After several decades of living, I've decided that having an abnormal family is remarkably normal. While some lucky few had the typical "Leave it to Beaver" upbringing, most of us did not. Yet, most of us also turned out surprisingly healthy. We live and love well. Most moms I know are GREAT moms and are generally happy in their marriage. Yet, in conversations with friends, the idea of being normal still comes up. So, I thought I'd address that here.
If you've poked around the blog, you know that definitions are important to me. I believe that by defining our terms, we have a greater chance of being on the same page, or really understanding each other.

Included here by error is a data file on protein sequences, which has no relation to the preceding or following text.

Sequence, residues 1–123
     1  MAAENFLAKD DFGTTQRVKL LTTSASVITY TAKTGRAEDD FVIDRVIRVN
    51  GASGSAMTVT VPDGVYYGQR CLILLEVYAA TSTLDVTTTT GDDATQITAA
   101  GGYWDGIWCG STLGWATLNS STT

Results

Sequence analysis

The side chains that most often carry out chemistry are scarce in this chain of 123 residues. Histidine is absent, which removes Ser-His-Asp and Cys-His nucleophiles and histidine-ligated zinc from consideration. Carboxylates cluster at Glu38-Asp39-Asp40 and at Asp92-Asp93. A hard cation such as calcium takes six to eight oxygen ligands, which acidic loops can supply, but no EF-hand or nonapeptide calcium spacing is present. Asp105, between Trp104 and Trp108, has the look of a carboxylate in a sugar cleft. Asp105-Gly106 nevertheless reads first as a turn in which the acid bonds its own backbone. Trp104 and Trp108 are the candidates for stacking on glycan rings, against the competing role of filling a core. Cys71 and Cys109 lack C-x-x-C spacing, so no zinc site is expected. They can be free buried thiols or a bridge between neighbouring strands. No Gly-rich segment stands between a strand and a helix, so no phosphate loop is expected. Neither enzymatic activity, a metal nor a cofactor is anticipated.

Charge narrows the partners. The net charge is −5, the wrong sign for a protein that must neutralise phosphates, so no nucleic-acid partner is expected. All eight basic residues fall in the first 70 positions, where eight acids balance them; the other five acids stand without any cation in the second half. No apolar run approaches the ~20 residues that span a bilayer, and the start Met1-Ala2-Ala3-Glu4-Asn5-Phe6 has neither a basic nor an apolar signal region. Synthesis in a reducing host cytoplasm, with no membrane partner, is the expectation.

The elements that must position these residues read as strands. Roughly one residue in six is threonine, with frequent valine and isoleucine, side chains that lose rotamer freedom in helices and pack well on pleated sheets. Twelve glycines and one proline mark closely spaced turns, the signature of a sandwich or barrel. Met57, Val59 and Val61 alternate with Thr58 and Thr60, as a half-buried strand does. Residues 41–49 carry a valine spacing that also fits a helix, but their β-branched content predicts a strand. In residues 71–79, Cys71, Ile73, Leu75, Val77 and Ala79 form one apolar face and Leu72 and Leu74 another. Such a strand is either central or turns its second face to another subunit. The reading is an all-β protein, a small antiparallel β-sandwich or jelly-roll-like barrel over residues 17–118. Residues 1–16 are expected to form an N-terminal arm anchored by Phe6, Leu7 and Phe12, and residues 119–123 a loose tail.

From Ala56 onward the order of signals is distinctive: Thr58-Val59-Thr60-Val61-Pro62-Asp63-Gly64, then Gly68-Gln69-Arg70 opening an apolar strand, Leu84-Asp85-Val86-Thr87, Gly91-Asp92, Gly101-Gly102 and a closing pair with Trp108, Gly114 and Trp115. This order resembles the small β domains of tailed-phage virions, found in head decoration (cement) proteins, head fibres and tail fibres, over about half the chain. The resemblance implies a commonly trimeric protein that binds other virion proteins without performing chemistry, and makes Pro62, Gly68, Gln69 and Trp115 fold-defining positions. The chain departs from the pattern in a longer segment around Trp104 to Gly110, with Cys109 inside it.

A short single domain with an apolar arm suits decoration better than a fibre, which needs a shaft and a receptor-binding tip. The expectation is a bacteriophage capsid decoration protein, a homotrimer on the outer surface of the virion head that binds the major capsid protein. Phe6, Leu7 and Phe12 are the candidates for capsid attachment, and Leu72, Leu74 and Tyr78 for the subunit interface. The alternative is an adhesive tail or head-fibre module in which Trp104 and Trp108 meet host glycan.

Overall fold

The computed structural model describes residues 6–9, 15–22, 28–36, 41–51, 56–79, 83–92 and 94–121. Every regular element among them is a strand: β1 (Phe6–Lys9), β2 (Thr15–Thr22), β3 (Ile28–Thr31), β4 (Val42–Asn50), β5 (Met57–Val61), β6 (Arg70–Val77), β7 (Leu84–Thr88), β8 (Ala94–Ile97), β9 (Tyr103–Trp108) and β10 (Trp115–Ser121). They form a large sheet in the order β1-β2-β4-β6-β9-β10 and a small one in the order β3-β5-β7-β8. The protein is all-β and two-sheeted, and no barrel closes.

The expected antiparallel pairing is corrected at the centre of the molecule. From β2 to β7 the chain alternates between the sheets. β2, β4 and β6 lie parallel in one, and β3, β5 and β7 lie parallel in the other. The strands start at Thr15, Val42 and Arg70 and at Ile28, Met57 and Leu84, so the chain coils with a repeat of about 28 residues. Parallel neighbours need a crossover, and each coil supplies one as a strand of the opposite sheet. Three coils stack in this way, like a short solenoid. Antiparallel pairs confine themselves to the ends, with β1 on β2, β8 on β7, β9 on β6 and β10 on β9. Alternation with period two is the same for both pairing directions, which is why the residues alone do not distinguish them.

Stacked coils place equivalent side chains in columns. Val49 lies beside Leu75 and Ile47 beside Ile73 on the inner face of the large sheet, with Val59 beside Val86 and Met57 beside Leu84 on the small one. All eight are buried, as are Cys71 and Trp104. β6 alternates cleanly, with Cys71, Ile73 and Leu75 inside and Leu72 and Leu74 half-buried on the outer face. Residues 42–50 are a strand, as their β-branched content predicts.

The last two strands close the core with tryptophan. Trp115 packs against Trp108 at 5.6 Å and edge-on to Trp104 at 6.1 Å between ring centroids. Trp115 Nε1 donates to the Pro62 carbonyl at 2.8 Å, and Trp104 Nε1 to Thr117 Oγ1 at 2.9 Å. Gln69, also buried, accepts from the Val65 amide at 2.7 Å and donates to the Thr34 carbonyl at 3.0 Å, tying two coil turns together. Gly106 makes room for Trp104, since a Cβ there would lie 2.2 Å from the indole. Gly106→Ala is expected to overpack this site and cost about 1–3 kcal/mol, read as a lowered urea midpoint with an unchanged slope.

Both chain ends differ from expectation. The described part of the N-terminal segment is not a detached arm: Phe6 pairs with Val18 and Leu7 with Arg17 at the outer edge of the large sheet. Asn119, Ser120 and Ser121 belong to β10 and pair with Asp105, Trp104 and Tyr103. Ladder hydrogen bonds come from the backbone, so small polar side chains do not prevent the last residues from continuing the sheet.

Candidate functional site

When it comes to communicating in a family, however, researchers have identified four perspectives of "normal":
• Asymptomatic Family Functioning (no major symptoms of psychopathology; no serial killers, schizophrenia, etc.)
• As average (typical or fit common patterns; we know this from researching families and reporting the findings)
• As optimal (positive or ideal; this is what I'll be talking about a lot here)
• Normal family processes (life stages and events that most families go through; this changes generationally; we'll talk about this a lot here, too)
So you see, there are several ways we can view normal. I hope it reassures you to know that most of us fit at least one of these perspectives! Obviously, there are lots of ways to be a normal family.
On that note, I hope you enjoy your normal family this week...whatever your version of normal is!